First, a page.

11 am: in a nomadic life
As expected, Farshad and the herd came back from their morning graze. Setareh rushed towards them, it was important to not let the mother sheep reunite with their babies right when they were back and full of fresh milk. Setareh set out lunch for her son, which consisted of freshly made flatbread and some yogurt, and watched as he devoured his lunch. Afterwards, she started boiling the milk and turning it to yogurt while her son rested for a little while under the shade of the tent.
Sara considered which restaurant she wanted to order her lunch from. With an internal sigh of relief, she cherished the fact that she could have so many options for lunch. She remembered that while she was on an assignment to get to know Iran’s nomadic culture, how hard it had been for her. To go days with only flatbread and yogurt as the main meal three times a day. She ordered a new sandwich that she hadn’t tried before and went to her meeting before lunch.
5 pm: in a nomadic life
Sara was happy and tired at the end of another full day of work. She felt satisfied and rewarded by her work and at the same time, she had that annoying headache that always came with relentless hours of working behind the laptop. As she sat up from her chair, she stretched her tight muscles and heard several of her joints pop after so much stiff sitting.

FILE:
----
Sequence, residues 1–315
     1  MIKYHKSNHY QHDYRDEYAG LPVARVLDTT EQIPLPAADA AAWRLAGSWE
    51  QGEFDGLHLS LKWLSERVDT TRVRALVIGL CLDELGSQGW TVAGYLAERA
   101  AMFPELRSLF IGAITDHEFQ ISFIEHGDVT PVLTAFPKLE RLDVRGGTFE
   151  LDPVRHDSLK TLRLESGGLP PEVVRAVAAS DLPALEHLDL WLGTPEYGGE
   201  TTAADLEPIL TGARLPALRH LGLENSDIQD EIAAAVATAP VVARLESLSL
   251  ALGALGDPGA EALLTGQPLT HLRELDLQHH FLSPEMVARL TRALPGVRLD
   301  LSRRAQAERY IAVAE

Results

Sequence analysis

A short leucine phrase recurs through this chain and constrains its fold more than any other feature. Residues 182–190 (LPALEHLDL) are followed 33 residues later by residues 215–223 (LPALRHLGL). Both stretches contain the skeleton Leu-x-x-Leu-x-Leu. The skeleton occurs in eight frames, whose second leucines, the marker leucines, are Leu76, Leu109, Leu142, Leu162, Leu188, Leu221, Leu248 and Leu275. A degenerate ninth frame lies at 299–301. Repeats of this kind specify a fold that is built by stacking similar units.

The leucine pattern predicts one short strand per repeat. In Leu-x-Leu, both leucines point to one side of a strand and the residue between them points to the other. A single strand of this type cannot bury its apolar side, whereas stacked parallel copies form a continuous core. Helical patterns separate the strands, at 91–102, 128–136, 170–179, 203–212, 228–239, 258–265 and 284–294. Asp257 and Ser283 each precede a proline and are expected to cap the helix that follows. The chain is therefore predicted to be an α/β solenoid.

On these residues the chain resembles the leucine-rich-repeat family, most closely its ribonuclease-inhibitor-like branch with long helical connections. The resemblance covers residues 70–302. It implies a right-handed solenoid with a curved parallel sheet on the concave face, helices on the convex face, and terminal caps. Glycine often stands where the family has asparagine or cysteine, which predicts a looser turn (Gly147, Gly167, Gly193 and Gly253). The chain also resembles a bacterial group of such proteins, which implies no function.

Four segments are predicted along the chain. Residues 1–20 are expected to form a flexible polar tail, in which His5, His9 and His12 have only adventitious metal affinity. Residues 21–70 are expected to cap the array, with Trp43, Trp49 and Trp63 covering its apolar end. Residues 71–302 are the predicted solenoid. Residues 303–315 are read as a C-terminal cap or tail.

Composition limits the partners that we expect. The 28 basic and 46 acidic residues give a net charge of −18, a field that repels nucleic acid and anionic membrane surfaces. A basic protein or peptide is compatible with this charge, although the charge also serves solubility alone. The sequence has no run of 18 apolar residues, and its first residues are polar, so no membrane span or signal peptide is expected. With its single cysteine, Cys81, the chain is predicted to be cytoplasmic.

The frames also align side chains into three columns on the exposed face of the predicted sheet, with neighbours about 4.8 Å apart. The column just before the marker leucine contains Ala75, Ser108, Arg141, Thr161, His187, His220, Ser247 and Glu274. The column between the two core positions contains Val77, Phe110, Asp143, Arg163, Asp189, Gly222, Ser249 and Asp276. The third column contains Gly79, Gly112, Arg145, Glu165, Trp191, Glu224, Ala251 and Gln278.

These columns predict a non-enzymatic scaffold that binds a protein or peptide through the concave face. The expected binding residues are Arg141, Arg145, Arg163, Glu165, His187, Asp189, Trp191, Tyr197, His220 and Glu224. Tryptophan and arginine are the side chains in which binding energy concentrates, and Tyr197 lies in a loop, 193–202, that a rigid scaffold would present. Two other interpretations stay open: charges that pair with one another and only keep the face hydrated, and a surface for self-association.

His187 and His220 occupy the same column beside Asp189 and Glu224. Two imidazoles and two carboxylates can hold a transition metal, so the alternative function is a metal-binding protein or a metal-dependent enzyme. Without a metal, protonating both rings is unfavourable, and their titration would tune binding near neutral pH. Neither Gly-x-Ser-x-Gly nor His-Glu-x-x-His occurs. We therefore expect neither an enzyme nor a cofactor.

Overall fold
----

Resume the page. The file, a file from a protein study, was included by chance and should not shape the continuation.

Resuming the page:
Setareh was boiling some water in a large pot so that her small children could take a bath. Her son had returned to the hills with the herd for their night-time grazing. When it was just her and her young daughters, her girls could take off their head-scarves and she could brush their hair and untangle their locks that were always messy after a full day of playing in the fields. When the water was hot and ready, she made a private corner by draping a large plastic sheet around some wooden sticks and started to help the children take a bath. She too wished she could be as care-free as her children in that moment, but given how other families and relatives had pitched their tents in nearby pastures and sometimes they walked by and said hello or stopped to have tea and chat, she couldn’t just take off her head-scarf and let her hair loose, let alone take a bath right now.